Transport & Environment (T&E) welcomes today’s vote to advance the Critical Raw Materials Act in the European Parliament, given the urgency of onshoring and diversifying a sustainable supply of critical metals needed for Europe’s green transition. MEPs on the industry committee increased to 50% the proposed target for refining and processing critical metals such as nickel, lithium and copper within the EU.
Julia Poliscanova, senior director for vehicles and e-mobility supply chains at T&E, said: “The EU is right not to rely on outsourcing one of the most valuable parts of the battery supply chain to a highly concentrated market overseas. These targets mean Europe will onshore refining and processing, ensure it is done sustainably, and develop expertise in these areas that it currently doesn’t have.”
T&E called for MEPs to retain the EU’s environmental rules around water quality, waste disposal, biodiversity and community engagement while simplifying and speeding up permitting procedures. It welcomed the industry committee’s tightening of the criteria around certification schemes to ensure multi-stakeholder involvement and on-site audits.
Julia Poliscanova said: “This can only be a green transition if we secure a sustainable supply of critical metals. Any attempts to waterdown Europe’s environmental protections must be fiercely resisted. Crucially, Europe should not over-rely on often dubious certification schemes for compliance. We hope EU governments take on board Parliament’s amendments on those.”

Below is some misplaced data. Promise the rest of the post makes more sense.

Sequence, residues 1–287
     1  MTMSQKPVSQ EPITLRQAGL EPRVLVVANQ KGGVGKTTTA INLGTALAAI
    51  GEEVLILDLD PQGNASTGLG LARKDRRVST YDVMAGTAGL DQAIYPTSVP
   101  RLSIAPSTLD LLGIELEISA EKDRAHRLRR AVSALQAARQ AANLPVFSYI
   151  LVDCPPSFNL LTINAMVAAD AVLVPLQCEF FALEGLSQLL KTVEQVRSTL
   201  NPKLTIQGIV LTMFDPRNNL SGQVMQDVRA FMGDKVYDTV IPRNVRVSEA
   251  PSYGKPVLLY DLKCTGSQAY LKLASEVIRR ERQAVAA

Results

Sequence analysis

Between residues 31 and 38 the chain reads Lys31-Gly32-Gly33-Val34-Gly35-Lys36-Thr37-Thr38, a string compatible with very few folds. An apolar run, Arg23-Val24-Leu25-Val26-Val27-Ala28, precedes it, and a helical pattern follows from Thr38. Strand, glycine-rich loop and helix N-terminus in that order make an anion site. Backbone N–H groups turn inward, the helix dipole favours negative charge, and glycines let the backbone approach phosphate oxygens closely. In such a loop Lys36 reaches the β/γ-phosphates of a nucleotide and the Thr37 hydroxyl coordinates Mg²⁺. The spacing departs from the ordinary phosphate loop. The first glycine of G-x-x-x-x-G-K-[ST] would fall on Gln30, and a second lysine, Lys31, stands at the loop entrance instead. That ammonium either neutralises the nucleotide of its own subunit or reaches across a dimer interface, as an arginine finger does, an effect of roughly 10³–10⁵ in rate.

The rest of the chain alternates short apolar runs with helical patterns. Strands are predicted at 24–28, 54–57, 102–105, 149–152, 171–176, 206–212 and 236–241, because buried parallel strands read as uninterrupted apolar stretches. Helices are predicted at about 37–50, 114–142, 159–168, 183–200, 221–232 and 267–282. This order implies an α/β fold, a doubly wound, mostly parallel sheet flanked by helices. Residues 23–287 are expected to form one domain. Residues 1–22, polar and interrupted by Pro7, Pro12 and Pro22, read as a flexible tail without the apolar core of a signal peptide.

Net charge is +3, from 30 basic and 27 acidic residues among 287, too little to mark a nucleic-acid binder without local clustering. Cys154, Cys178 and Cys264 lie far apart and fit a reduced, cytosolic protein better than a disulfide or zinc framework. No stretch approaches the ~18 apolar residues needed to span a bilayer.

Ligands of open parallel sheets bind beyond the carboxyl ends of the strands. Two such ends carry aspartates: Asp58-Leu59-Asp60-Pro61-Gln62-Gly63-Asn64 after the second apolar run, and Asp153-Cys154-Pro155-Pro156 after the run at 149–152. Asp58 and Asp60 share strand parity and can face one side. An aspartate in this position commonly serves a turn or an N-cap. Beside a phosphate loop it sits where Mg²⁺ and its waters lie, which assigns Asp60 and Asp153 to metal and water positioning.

While the goals of the Critical Raw Materials Act are essential, Europe still lacks the means to meet them on time, T&E said. German and French state aid will not be able to compete with China and the US for battery investments. T&E and 18 other organisations and companies have called on Europe to turn its Innovation Fund into a green industry bank and use it to scale best-in-class projects throughout the battery supply chain.